Notice the "diamonds" on the breast. A very tell-tale sign that it's a Fox.


The Fox is also slightly larger than the Song Sparrow.


The Fox and The Song finally decided to get close enough that I could photograph them both at the same time. Thanks guys!


You can start to see their differences. But remember, these are just 2 specimens. Each Song and Fox Sparrow can look so much different than the next.


A very blurry shot of the Golden-Crowned Kinglet. It's the only usable photo that I took of the little spazzes!


One of our bramble-pile Golden-Crowned Sparrows.

The Red-Breasted Nuthatch is always fun to photograph.

So photogenic!
Look at that upturned bill. What a snob!
A Yellow-Rumped Warbler attempting to land on a suet feeder.
It takes him 4 or 5 tried before he seems to feel comfortable enough to land on it.
And here is yet another blurry shot. This is also a Yellow-Rumped Warbler. Me thinks me needs to work on my camera skills!

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6 comments:

Kallen305 said...

I love the photos. You get some really cool birds at your feeder.

It is funny you should mention the golden crowned, I saw my first one yesterday and was googling like mad to figure out what kind of bird it was. I can't believe you were even able to get a picture at all because they are such little spazzes.

Beverly said...

Dang you two, have you been posting your incredible blog and awesome photos with DIAL-UP? Sheeshhhhh, my hat’s off to you! Awesome…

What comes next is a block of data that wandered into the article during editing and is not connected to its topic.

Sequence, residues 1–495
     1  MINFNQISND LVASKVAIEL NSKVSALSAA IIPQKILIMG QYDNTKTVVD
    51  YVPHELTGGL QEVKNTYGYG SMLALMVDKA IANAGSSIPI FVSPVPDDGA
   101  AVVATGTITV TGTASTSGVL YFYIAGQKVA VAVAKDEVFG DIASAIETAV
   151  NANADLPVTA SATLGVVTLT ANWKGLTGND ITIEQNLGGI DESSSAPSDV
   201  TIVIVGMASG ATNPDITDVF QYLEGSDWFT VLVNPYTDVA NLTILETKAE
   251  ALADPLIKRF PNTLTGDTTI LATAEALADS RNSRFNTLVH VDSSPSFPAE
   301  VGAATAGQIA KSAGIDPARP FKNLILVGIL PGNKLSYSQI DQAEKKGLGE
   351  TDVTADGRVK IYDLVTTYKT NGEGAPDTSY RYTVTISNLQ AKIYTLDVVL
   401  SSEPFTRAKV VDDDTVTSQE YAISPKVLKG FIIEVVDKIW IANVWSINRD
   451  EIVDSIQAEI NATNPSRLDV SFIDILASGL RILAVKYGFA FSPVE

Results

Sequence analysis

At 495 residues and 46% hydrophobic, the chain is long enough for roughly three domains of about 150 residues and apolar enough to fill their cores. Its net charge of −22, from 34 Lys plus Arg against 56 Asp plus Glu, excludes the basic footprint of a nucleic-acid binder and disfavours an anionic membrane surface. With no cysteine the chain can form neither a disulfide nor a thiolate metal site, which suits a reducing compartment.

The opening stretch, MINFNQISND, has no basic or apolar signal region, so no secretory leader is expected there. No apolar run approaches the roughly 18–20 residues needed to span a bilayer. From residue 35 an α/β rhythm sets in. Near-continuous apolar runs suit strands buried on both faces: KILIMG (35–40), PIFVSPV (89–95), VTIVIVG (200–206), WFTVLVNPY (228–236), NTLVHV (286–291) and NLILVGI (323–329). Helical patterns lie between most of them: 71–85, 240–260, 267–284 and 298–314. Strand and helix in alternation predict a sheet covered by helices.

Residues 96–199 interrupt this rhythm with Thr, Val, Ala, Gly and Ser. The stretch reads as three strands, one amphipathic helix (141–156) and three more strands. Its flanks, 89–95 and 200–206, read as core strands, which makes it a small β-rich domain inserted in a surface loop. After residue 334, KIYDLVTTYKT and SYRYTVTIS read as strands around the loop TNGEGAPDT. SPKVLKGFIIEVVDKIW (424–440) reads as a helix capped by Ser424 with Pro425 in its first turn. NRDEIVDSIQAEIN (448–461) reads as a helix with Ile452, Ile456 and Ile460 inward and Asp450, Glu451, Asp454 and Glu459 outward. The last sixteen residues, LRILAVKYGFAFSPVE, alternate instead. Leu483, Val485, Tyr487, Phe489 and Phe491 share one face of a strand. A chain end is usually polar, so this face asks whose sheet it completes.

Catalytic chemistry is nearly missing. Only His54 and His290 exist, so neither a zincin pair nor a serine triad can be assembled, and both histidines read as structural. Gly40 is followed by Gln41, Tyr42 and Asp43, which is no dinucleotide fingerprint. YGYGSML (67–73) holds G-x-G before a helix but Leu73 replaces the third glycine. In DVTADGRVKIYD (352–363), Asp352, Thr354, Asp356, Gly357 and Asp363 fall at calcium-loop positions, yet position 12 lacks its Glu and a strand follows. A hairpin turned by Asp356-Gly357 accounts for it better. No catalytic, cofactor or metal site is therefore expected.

Am I blind or can you tell me what made you think the ‘he’ was a male? Young males have red on the front of their heads, older males have quite a red patch on the back of their heads. This bird seems to have neither…far as I can tell. And sometimes females in lots of birds have a few feathers “of color”.

As it happens, I’m working on a series on woodpeckers…and just read a good bit on Downys; I’d have loved to see that ‘dance’ too. And it IS a dance…very ritualized and territorial. Lucky you!

I read this on NBA-online (an awesome resource):

“Male usually defends a territory against other males, female against females, although apparent territorial defense by a male toward a female was reported (but interpreted as courtship). Both sexes use similar threat displays: tail fanned, crest raised, bill held high and waved back and forth jerkily as if dueling with an invisible foe with a sword.”

Awesome post…I’m really looking forward to your new ‘ease of postings’…you have to feel it’s magical, huh?

Happy Holidays…
Beverly

Heather said...

Interesting-sounding behavior, for sure, but what I find more interesting are those pictures. I was just reading on the Cornell site that Downy's in the west tend to have less white in their wings, and I would certainly agree - your Downy's look quite different from our Ohio Downy's. It's pretty cool to interact with other FeederWatchers and other birders from across the country and see how our birds differ.

April said...

Oops, I put my comment about the woodpeckers in your Thanksgiving post.

Stephanie said...

Beautiful pics!! Congrats on the upgrade of internet, that will be a big help! I, like the others, can't believe how well you managed w/dial-up! And your camera skills are wonderful, I love looking at your pics.

dAwN said...

Love all the photos and the commentary about the woodpeckers...what cha feeding them in that suet anyway..tee hee..